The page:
Community connects Dia De Los Muertos artwork

Participants at the 2022 Dia De Los Muertos at Sloss Furnace in Birmingham

Participants at the 2022 Dia De Los Muertos at Sloss Furnace in Birmingham

Bare Hands

By Claire Trammell, Reflect Alabama Fellow

Artist Helga Mendoza said she’s always been interested in the grieving process.

“I lost my parents when I was very young. So my work has always been kind of a way to process loss and kind of understanding the relationship between religion and the way you are supposed to understand death,” Mendoza said.

With grieving a strong theme of her work, it seemed appropriate that Mendoza was selected to create the featured image for this year’s Dia De Los Muertos, or Day of the Dead, festival in Birmingham. The 21st annual event takes place Thursday and Friday at Sloss Furnaces.

Originally from Colombia, she settled in Birmingham in 2000 and found a way besides her artwork to grieve: through celebration. Mendoza started working with Bare Hands, the organization that plans the Dia De Los Muertos festival in Birmingham. She found comfort in that community.

“You start talking to all these people and it’s like you are grieving in community. Grieving is a process that is very lonely. And the festival provides us that kind of space for all of us to grieve together,” Mendoza said.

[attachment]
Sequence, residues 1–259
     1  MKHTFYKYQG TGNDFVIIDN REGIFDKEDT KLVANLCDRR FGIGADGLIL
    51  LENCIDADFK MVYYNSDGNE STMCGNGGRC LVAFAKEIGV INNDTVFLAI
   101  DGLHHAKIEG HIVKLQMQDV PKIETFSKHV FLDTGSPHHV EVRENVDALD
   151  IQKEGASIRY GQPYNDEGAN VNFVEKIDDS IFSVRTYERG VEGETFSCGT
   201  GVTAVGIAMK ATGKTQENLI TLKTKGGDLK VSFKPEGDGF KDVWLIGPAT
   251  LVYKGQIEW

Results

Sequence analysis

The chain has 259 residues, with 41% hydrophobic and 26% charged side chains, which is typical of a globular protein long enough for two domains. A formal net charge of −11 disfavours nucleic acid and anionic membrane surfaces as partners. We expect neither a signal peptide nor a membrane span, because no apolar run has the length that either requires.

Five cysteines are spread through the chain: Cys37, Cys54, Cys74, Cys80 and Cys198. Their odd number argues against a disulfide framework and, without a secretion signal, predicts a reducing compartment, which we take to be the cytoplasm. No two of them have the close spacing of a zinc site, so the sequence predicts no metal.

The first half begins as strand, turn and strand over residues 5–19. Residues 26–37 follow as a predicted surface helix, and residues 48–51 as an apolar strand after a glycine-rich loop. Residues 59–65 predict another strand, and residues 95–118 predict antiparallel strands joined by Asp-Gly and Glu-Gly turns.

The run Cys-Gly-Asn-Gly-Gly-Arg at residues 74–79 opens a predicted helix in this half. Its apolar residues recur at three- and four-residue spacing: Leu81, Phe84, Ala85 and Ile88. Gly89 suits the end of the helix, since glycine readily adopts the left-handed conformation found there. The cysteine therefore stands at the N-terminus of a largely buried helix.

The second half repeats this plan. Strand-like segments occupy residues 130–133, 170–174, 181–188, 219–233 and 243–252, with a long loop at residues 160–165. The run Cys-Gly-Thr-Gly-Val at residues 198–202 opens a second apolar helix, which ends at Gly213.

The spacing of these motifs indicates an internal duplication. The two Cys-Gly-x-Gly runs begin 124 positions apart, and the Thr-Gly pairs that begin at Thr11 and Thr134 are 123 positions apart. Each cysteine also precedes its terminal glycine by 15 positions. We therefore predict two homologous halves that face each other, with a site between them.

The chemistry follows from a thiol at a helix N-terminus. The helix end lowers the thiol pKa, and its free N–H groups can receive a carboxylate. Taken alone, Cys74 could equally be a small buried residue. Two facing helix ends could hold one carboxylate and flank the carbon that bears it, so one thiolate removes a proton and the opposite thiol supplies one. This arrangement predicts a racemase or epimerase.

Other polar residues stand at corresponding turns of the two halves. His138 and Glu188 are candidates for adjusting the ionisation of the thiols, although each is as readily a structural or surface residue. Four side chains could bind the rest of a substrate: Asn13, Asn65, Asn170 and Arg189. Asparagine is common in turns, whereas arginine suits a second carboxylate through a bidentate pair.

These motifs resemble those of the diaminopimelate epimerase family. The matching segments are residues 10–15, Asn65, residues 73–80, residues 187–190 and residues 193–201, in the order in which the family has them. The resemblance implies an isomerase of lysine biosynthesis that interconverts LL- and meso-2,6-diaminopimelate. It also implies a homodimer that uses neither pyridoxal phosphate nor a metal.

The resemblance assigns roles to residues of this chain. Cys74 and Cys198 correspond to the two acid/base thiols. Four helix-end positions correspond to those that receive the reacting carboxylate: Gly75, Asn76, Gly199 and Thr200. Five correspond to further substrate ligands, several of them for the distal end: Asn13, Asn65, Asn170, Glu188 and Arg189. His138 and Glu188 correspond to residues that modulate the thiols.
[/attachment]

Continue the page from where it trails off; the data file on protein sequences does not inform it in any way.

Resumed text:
The Mexican tradition of Dia De Los Muertos centers around ofrendas, or altars, which are a creative expression by individuals to honor their loved ones who have passed. Through her many different roles over the years, Mendoza has helped create beautiful and culturally significant memorials for a variety of families and individuals. The altars are put on display for those who attend to view and remember.

For that day, for that moment, it feels like we get it as humankind. We are here together,” Mendoza said. “I want people to recognize the value of art for society. I want people to recognize the beauty in this tradition.” 

The cover artwork Mendoza created for this year’s festival depicts a woman in traditional Mexican clothing connected to plants, flowers and greenery. The figure acts as the roots to the tree of life, which is a traditional symbol in Mexican artwork. Mendoza said the woman represents the festival since she is what connects everything.

One powerful moment during the celebration for Mendoza is the roll call. At that point names of the deceased are read and those honoring them that day say “presente,” which means “here.” It’s a statement that those who have passed are not forgotten.

It’s such a powerful, beautiful, beautiful moment,” Mendoza said.

Although the event is rooted in Mexican culture, Mendoza said Dia De Los Muertos is for everybody. 

“I love how all the demographics in Birmingham are starting to get involved, and really connect us. We all have a common denominator. That is death.”


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